American Dictionary of the English Language

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SHELL, noun

1. The hard and stony covering of certain fruits and of certain animals; as the shell of a nut; the shell of an oyster or lobster. the shells of animals are crustaceous or testaceous; crustaceous as that of the lobster, and testaceous as that of the oyster and clam.

2. The outer coat of an egg.

3. The outer part of a house unfinished. We say of a building that wants the interior timbers or finishing, that it is a mere shell.

4. An instrument of music, like testudo in Latin; the first lyre being make, it is said, by drawing strings over a tortoise shell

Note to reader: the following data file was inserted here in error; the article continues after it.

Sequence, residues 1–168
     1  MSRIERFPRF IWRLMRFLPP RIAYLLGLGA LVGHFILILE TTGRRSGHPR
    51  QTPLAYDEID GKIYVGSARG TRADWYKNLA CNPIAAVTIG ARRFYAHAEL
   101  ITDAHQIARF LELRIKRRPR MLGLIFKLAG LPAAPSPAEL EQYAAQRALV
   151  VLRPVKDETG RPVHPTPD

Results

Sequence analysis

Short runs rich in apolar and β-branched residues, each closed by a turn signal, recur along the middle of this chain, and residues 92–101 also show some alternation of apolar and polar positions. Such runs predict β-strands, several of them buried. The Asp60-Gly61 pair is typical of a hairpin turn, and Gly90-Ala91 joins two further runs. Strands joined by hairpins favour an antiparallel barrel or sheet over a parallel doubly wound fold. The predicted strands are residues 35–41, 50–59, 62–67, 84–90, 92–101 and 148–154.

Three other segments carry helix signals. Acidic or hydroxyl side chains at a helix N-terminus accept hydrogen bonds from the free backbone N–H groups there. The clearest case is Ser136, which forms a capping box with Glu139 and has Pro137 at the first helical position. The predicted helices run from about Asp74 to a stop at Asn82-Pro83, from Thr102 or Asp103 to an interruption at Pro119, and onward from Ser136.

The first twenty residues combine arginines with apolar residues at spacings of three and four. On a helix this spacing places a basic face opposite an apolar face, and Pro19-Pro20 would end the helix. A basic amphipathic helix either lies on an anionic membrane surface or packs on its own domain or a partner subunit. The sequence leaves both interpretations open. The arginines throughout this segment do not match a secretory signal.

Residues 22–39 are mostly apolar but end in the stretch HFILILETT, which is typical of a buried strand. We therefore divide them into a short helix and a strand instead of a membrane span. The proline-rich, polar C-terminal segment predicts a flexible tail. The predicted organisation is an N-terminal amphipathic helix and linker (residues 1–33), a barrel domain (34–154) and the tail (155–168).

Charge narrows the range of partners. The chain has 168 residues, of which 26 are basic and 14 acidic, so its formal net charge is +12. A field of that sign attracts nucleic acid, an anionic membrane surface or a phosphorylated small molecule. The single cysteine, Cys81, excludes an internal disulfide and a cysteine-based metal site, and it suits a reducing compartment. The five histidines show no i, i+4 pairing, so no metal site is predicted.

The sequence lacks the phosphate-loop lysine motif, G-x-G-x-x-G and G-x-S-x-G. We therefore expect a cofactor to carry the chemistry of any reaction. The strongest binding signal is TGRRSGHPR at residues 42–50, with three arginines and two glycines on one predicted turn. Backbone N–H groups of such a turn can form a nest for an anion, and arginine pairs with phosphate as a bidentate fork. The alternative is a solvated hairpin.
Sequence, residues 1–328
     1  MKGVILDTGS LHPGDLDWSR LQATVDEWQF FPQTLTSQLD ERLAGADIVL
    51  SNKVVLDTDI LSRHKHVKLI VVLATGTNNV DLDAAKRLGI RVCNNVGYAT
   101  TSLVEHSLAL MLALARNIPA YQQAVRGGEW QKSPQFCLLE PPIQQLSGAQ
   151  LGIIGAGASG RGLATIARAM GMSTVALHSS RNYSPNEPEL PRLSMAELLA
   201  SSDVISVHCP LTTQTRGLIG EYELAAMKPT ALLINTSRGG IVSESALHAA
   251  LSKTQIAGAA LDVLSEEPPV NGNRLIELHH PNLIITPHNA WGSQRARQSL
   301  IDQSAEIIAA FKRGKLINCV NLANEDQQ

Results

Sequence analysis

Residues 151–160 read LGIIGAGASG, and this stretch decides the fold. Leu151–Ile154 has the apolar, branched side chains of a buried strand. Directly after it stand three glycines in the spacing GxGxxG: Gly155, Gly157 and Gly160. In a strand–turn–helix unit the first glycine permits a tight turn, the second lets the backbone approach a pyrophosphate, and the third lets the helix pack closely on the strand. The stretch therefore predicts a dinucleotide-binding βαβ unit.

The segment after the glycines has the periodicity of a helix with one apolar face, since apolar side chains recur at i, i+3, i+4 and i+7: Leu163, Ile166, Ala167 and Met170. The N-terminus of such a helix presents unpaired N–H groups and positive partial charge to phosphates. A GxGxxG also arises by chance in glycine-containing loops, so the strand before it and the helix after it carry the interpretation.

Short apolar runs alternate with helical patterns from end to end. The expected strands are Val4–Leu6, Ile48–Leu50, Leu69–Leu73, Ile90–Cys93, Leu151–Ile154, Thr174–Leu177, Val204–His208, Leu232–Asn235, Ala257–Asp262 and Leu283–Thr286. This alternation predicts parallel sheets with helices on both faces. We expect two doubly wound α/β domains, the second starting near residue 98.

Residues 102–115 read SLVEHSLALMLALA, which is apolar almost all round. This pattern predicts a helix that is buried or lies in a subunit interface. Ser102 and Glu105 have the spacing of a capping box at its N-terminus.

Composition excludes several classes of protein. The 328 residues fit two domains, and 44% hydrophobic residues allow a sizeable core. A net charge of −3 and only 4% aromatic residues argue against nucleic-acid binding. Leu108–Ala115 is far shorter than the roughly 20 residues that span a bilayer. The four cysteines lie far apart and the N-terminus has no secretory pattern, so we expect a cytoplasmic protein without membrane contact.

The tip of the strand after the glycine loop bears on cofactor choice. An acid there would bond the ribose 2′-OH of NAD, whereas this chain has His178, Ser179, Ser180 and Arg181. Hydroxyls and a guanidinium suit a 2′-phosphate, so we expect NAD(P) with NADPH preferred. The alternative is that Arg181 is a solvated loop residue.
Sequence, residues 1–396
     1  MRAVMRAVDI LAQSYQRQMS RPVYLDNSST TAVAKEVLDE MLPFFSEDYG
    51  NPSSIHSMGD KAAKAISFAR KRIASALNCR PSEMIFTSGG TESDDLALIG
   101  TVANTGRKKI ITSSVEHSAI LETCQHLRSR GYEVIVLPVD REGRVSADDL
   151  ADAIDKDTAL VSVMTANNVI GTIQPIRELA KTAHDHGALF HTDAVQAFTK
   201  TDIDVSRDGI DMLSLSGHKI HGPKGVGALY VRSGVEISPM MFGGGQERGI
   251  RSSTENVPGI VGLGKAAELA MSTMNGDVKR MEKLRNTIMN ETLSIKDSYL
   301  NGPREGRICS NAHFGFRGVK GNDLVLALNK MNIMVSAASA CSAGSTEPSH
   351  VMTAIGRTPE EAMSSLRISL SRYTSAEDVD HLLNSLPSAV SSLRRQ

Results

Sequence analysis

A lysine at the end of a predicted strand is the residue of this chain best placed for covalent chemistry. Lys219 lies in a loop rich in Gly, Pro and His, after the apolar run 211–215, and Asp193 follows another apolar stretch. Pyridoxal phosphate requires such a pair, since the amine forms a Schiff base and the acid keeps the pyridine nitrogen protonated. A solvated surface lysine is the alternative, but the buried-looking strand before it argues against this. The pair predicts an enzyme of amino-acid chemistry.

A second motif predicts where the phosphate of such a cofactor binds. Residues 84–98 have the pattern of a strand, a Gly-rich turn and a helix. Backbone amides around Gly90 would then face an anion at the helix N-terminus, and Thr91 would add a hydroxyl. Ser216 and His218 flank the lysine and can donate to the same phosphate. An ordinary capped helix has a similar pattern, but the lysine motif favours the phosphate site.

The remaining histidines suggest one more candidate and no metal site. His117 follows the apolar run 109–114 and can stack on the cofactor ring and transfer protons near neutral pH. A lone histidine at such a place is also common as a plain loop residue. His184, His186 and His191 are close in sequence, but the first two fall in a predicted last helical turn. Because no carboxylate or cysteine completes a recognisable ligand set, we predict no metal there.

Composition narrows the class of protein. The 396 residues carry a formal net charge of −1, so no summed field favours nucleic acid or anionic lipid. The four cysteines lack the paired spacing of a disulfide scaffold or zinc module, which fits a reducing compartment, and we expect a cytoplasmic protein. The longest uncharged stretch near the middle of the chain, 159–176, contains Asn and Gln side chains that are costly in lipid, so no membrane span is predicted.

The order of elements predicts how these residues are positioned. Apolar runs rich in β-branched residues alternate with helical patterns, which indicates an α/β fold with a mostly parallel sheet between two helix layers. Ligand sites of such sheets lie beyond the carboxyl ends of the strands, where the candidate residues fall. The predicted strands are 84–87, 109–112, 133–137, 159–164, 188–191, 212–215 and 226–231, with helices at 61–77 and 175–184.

5. Oute ror superficial part; as the shell of religion.

6. A bomb.

Fossil shells, dug up from the earth.

SHELL, verb transitive

1. To strip or break off the shell; or to take out of the shell; as, to shell nuts or almonds.

2. To separate from the ear; as, to shell maiz.

SHELL, verb intransitive

1. To fall off, as a shell crust or exterior coat.

2. To cast the shell or exterior covering. Nuts shell in falling.

3. To be disengaged from the husk; as, wheat or rye shells in reaping.